Opinion: Salman Khan conviction reminds Indian men, what goes around comes around | Opinion | DW | 06.05.2015
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Opinion: Salman Khan conviction reminds Indian men, what goes around comes around

Salman Khan's conviction is welcome relief in a country where people expect the rich and powerful to get away with murder. Seeing him go to prison will serve as an example to other men in the country, writes Shivam Vij.

The wheels of justice in India move so slowly that it has taken 13 years for the killer of a homeless man to be convicted by a court in Mumbai. The surprise is that he was convicted at all. The killer in question is a top Bollywood actor: Salman Khan.

Khan was driving his Toyota Land Cruiser in an inebriated state when he mistakenly drove over five homeless men on the pavement, killing one of them. Amongst other ways to keep Khan out of jail, his lawyers attempted to put the blame on Khan's driver. The court rejected the idea, and the witnesses stood firm.

DW-Korrespondent Shivam Vij QUALITÄT

Follow Shivam Vij on Twitter @DilliDurAst.

It is only in Bollywood movies that you would see the rich and powerful going to jail for killing the weak. In real life, this does not happen. In real life, the prosecution and witnesses are all bought off with hard cash. The biggest disincentive to pursue justice in India is that the case will go on for years and sometimes decades.

The making of a bad guy

Salman Khan began as a romantic hero in the '90s, but by the 2000's his image had been taken over by his real life persona as the bad guy who often found himself on the wrong side of the law. He'd been accused of beating up his girlfriend once, something everyone believed given his bad boy image. As Khan flaunted his 42-inch pumped-up chest, taking off his shirt at every instance, he became a symbol of Indian masculinity.

Yet the fear of the law also changed the super-hero, who also faces another charge of hunting endangered black bucks in 2006. He went on a PR drive trying to show he had become a good guy, doing charity work, helping the needy and taking up social causes. Salman Khan's non-profit, Being Human, became a brand of merchandise in 2012. All over India you can find men wearing a T-shirt that says "Being Human."

This was also the time Salman Khan managed to revive his film career by delivering box office hits. His conviction on Wednesday evoked a sympathetic response from all of the Mumbai film industry. That wasn't only because he's one of them, a friend or fellow actor, but because Khan and his family are tremendously influential in Bollywood. A word from them can make or break somebody's film career.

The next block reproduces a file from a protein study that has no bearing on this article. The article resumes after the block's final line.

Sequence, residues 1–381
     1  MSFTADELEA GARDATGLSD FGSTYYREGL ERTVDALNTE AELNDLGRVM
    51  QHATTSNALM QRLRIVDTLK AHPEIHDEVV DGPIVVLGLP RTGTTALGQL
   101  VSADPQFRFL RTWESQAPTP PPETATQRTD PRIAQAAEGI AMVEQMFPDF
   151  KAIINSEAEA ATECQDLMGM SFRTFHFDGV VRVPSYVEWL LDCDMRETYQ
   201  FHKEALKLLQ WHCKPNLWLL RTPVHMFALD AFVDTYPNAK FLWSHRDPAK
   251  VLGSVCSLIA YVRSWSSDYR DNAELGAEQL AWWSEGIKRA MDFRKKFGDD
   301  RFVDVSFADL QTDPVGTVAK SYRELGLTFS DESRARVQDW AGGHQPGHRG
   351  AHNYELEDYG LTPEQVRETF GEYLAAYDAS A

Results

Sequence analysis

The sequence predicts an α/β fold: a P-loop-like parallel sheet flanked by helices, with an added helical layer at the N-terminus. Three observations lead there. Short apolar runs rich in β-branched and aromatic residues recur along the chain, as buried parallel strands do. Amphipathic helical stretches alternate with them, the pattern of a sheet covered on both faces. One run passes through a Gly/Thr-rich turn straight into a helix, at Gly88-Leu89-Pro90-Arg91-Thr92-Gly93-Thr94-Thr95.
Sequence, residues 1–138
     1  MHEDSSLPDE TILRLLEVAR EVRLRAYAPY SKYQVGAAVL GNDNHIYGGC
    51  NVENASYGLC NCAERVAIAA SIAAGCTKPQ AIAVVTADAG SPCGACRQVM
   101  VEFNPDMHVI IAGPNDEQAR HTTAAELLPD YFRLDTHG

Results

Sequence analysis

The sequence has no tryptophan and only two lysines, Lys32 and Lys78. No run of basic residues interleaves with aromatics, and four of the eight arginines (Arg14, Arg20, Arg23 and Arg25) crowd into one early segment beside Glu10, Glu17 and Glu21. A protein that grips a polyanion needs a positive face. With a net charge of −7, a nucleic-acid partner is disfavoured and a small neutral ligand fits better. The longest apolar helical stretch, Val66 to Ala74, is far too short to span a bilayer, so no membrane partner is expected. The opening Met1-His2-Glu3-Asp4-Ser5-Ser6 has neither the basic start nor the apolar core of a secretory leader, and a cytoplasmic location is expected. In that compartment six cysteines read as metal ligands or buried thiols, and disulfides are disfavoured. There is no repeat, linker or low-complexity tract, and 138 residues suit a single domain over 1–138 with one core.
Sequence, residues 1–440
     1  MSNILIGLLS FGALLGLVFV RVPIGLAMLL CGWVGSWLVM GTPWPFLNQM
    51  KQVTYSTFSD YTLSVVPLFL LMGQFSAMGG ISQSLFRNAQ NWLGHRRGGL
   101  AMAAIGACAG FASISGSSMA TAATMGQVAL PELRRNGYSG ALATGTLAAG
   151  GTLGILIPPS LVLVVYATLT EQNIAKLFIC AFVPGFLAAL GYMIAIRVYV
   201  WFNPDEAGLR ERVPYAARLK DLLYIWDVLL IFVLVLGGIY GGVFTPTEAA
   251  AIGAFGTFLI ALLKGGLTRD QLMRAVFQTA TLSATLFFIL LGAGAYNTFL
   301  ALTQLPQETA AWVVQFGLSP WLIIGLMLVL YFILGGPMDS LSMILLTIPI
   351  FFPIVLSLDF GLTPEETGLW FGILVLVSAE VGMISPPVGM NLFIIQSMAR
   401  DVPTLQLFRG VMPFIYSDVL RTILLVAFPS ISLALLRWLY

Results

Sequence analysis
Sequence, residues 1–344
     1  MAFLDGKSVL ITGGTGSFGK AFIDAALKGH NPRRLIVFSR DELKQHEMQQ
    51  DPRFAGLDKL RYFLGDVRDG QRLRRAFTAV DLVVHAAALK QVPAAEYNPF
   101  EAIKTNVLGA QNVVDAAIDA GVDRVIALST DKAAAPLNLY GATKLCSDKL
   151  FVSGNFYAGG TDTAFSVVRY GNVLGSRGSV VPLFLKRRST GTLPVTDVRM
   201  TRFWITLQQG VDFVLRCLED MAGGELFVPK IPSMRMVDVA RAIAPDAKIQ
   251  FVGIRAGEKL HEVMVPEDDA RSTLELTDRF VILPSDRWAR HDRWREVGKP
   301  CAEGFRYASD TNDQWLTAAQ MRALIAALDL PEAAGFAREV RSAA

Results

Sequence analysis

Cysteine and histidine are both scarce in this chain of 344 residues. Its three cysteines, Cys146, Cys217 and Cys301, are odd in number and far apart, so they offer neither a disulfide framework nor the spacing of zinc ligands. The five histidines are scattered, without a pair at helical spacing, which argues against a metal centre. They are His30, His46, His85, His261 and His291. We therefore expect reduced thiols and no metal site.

When Salman Khan enters jail

Salman Khan has been sentenced to five years, but he can appeal. He's been released on bail for two days. His future is uncertain, but it seems very likely that he'll have to spend at least some time in jail. When Salman Khan does enter Mumbai's Arthur Road jail, it will be symbolic of many things. It will be a reminder to Indian masculinity that men are not infallible, that wisdom is as important as strength, and that what goes around comes around.

It will also be a message to Bollywood - a place where stardom can be so extreme you may start thinking you are above the law. There have been two other Bollywood actors who have spent time in jail recently. One is Shiney Ahuja, who was arrested for raping his maid, and the other was Sanjay Dutt, who possessed illegal arms in 1993, a time when Bombay, as Mumbai was then called, was burning with violence. And now the biggest of them all, Salman Khan, is set to walk into a jail as well.

Bollywood may mourn this, but the homeless in Mumbai must be cheering. And the men driving after getting drunk at parties will remember to actually hand over the keys to someone sober.

Shivam Vij is a journalist in Dehli with the Indian news website Scroll.in. He tweets as @DilliDurAst.

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